FreedomPop Is In The Process Of Globalizing Their Services Read more

FreedomPop Is In The Process Of Globalizing Their Services

FreedomPop made a grand entrance into the mobile word, when it entered the market and became the first company to intertwine 4G data with a freemium service business model. Now it seems as if the wireless carrier is attempting to go global with its free text, talk and data service. Due to its recent partnership with KPN, a Dutch carrier, the company plans on expanding its service to include the countries of Spain, France, Germany, UK and several other countries within the Pacific Rim.

During mid September, the company contacted individuals who previously signed up to become aware of when their services would be launched within their areas. Those select individuals got the opportunity to be a part of it’s alpha test program, which it plans to conduct to acquire valuable feedback in preparation for the official launch which should occur by the end of the year. The company revealed that they will be utilizing the same setup as it does with its American user-base which entails its infamous free plan which consist of 200 minutes, 200 MB of data and 200 SMS. Even though it’s not clear if 4G LTE service will be available as opposed to 4G alone, what is known is that similarly to its American user-base, the company won’t charge a penalty for going over the data cap but rather, charge 1p per excess of MB usage.

It’s still up for debate as to whether or not the Jetsetter SIM card will be available for travelers which provide an additional 100 MB of free data which can be utilized in the UK, France and Spain. However FreedomPop on, as far as the UK goes, it was announced that FreedomPop established a partnership with the Three network.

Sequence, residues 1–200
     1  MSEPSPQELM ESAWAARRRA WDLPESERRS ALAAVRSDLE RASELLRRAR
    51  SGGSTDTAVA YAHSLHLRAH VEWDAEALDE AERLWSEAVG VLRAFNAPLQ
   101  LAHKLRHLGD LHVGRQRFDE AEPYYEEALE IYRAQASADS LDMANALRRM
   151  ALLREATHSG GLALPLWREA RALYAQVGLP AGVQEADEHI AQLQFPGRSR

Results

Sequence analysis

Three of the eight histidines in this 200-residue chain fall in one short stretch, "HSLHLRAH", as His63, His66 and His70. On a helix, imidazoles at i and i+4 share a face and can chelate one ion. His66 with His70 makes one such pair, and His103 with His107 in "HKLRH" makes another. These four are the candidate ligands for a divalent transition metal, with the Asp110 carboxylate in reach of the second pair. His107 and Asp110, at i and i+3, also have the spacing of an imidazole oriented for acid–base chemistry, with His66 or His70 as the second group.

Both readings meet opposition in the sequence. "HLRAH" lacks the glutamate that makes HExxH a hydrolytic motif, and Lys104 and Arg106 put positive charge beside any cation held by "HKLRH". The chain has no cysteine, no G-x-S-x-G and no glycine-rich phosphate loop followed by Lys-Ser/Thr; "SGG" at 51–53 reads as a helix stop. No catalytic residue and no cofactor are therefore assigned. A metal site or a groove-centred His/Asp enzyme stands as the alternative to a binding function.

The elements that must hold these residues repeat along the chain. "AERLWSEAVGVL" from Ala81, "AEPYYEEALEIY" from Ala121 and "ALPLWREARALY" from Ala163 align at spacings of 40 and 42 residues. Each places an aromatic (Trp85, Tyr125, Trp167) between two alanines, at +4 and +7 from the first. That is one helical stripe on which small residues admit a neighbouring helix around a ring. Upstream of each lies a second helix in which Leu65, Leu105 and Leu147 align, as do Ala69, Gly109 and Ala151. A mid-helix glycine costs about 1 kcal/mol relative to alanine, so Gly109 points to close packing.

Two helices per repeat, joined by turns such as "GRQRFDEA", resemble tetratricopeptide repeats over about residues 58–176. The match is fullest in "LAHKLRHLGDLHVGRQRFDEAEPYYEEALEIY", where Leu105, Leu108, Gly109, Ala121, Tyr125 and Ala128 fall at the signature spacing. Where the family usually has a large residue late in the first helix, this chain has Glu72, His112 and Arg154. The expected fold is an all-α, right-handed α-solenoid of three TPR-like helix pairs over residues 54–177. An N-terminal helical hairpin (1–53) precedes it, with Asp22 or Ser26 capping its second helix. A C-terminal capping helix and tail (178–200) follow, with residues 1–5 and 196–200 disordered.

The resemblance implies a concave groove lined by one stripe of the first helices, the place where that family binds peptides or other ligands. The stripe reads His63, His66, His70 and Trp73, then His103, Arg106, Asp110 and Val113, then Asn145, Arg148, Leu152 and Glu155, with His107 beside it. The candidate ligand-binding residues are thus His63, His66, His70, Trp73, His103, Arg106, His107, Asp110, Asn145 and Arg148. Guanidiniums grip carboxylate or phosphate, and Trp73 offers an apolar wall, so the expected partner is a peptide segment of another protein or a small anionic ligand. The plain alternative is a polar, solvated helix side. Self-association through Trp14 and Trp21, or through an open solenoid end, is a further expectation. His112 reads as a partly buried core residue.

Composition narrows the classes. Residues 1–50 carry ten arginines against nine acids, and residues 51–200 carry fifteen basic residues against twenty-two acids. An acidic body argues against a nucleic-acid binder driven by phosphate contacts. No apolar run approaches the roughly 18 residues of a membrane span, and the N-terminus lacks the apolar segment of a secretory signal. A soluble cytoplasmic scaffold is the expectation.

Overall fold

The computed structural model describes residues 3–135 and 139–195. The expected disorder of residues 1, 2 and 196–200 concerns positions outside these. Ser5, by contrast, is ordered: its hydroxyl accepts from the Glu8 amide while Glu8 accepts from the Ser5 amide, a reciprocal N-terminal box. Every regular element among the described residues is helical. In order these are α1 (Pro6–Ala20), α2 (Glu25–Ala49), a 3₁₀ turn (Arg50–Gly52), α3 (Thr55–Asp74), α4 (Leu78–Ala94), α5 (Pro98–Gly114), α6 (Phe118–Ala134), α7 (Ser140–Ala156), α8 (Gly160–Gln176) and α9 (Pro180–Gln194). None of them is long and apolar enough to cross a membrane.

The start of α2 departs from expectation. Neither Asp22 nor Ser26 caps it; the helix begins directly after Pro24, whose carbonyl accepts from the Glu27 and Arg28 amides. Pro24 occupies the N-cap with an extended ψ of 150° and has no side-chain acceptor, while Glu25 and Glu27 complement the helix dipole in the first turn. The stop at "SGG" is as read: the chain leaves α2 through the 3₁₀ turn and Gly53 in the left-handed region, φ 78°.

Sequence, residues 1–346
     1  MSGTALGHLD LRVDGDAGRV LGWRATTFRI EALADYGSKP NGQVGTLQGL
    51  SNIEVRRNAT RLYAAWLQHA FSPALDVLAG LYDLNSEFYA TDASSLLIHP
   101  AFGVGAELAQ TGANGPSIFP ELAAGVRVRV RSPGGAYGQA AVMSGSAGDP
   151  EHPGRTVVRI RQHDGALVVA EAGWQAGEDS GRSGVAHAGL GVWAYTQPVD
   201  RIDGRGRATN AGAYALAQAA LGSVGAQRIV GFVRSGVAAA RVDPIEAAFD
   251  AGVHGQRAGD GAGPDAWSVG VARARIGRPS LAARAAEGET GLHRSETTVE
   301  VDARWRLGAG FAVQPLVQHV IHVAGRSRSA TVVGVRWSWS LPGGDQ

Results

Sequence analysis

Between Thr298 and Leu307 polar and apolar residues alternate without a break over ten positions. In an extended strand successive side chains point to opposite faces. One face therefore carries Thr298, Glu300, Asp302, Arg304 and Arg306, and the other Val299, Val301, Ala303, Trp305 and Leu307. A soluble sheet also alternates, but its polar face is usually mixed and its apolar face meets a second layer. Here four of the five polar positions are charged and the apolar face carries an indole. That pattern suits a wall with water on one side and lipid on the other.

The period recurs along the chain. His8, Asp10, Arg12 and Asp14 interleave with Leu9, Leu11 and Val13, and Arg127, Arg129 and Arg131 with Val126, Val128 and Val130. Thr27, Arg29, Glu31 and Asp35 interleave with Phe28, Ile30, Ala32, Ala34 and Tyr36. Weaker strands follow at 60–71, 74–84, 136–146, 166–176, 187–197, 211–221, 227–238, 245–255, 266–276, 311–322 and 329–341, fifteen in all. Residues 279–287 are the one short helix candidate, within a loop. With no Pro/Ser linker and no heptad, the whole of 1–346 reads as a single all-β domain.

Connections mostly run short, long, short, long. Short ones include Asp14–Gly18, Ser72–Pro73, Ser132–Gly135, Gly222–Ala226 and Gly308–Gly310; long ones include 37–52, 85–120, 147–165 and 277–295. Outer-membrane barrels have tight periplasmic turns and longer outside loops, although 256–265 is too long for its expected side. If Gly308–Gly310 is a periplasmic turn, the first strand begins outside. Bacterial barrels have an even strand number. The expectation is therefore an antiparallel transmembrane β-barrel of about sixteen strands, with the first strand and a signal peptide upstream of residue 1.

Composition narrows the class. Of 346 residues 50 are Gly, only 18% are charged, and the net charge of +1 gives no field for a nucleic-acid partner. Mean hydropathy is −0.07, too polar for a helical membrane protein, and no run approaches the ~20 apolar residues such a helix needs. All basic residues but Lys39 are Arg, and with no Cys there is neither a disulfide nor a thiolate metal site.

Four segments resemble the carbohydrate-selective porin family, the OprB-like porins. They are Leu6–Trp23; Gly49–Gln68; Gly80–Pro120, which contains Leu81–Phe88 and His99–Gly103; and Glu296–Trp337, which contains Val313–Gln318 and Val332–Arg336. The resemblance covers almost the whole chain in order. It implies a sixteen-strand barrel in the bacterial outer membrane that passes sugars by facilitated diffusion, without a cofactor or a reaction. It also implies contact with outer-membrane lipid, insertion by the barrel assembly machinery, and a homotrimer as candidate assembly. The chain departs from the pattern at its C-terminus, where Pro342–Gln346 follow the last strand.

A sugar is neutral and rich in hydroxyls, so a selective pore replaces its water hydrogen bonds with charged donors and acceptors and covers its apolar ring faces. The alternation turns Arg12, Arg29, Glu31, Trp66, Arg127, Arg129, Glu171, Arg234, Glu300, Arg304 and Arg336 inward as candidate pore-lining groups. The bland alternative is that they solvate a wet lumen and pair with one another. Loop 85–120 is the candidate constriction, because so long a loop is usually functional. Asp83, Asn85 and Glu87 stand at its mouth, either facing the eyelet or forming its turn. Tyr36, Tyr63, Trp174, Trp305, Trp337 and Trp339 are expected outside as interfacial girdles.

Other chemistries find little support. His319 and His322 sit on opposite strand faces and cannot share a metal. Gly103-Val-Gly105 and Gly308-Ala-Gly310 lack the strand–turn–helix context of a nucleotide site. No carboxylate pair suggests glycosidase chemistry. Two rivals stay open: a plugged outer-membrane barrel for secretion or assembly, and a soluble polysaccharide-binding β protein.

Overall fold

This has somewhat been a long time coming due to the fact that in July of 2014, the company proclaimed that they were conducting tests within the Netherlands to determine how efficient their service was, outside of the United States. The company also proclaimed that once it got the service running as efficiently as its US counterpart, they intended to provide free and low cost services to various countries around the world.

For light smartphone users, who simply want to make an occasional phone call or to check their emails, the service that the company has to offer can prove to be an incredibly cost effective deal. The company has proclaimed that while it currently has a subscriber base of 600,000, it expects to increase their subscriber count to one million by the end of the year. They also expect to establish a similar subscriber base in the UK within the next 18 months.

FCC Plans to Implement Affordable Broadband for Poor Read more

FCC Plans to Implement Affordable Broadband for Poor

The FCC plans to modify the current subsidy program, to offer affordable Internet plans for the poor.

Currently, about twelve million households utilize the Lifeline program, that provides affordable land line phone service for low-income families. This 30-years-old subsidized program costs about $1.7 billion.

In 2008, the program was expanded to include cell phone service, but that particular portion of the program became burdened with fraud according to businessman Kevin Seawright. Even so, regulators argue that phone services are critical for poor Americans to seek medical help, look for work, and other emergency services.

Meanwhile, the net neutrality guidelines have changed the status of the Internet to a public good, prompting the FCC to ensure that low income individuals can receive broadband Internet.

Poor recipients will have a choice among phone or internet services, or a mix of advanced telecommunications services, but guidelines will be implemented to curb fraud.

Net neutrality has faced scrutiny, and the proposal for subsidized broadband is already being debated among Republicans.

June 18th, the FCC will vote on the new proposal for subsidized broadband. If it wins a majority vote, the agency will develop a plan to implement the program.